Me:  I hear you.  I believe we are already in a recession and it would not be a surprise if markets found their ultimate low in the Fall or even Spring of next year.  The earnings announcements from Walmart, Target and Ross Dress For Less in Mid May were terrible.  The poor have to shop there and the bottom 20% are in real trouble.  My best guess is that we aren’t through this and the Fed is now raising rates in the middle of a recession.  Even though I think we see new lows this Fall, I recommend you stick with our well thought out, diversified portfolio for two reasons.  Reason one: nobody has a crystal ball and even though I think stocks still find a lower low, I could be dead wrong.  Almost all of the smart people I follow think things are going to get worse.  When has it been so easy to call a bear market/recession?  Reason two: In my over twenty years of being a personal financial advisor, I have seen just how hard it is to manage our emotions.  Fear and Greed are very powerful feelings.  There are a lot of people that sold in late 2008 at higher levels than the ultimate bottom, that didn’t have the guts to buy back in for years after the lows.  You have to be right on selling and on buying back in.  You may get one bear market right, but if you are lucky, you will live through 5 more bear markets and the odds of successfully timing all of them are extremely low.  If you absolutely can’t take the stress anymore, sin a little and sell only 5-10% of your stocks.  Going 100% to cash wreaks havoc on your emotions and is a recipe for disaster for most people most of the time.

Client: Thanks I feel a little better and that makes sense.

Me: Draw-downs are tough.  I am here for you anytime you need to talk.  There is one last thing that might help you.  Stocks are down about 25% from their all-time highs.  I have already said that my best Guess is we go even lower.  Eventually we will get back to the highs.  Even if we go lower; how long do you think it will take to get back to where we were in January?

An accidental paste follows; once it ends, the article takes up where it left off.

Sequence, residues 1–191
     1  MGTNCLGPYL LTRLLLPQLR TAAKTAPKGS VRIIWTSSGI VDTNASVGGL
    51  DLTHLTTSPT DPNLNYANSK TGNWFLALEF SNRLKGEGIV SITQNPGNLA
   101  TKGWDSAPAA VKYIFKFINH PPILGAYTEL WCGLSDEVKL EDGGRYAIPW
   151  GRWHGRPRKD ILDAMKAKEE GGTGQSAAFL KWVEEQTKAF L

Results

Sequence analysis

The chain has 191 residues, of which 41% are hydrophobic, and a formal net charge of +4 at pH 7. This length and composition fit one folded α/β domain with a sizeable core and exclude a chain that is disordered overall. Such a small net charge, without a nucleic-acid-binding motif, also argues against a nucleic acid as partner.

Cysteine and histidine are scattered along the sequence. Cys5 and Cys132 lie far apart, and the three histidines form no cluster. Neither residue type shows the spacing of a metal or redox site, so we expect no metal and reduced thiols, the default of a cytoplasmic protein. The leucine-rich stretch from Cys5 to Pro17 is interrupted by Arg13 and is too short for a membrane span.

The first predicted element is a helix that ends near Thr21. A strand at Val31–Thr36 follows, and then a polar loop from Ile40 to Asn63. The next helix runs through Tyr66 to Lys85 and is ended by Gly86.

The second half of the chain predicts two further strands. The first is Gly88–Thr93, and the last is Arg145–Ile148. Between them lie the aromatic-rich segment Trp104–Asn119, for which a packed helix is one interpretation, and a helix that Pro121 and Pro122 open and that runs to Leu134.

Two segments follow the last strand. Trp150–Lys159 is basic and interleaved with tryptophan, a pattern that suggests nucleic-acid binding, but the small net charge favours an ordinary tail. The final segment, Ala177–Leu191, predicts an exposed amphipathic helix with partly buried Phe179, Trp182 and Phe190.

Client: I don’t know–three or four years?

Me:  Well if we take the high on the S&P 500 of 4,808 and divide it by the June 16th low of 3,639, we know we need to gain 32% from the lows to make up for the 25% loss in stocks.  If it takes three years to get back there, that is a bit over 10% per year in return from the lows.  If it takes four years, that is about an 8% per year return.  I wouldn’t be unhappy with those returns and maybe you can increase your monthly savings a bit to take advantage of the lower prices.


Since the June 16th lows, the economic news continues to be very poor.  The last jobs report was great, but don’t forget jobs are a lagging indicator.  I was surprise to hear AT&T’s CEO state on July, 21 “We have customers that are stretching out their payments a little bit…We expect that they’re going to continue to pay their bills, but they’re taking longer to do it. That’s not atypical in an economic cycle.” Things are so tight for the bottom 20%, they can’t afford to pay their cell phone bills on time?  How are they going to make rent and fill up their tanks?  What is going to happen when the inevitable emergency comes?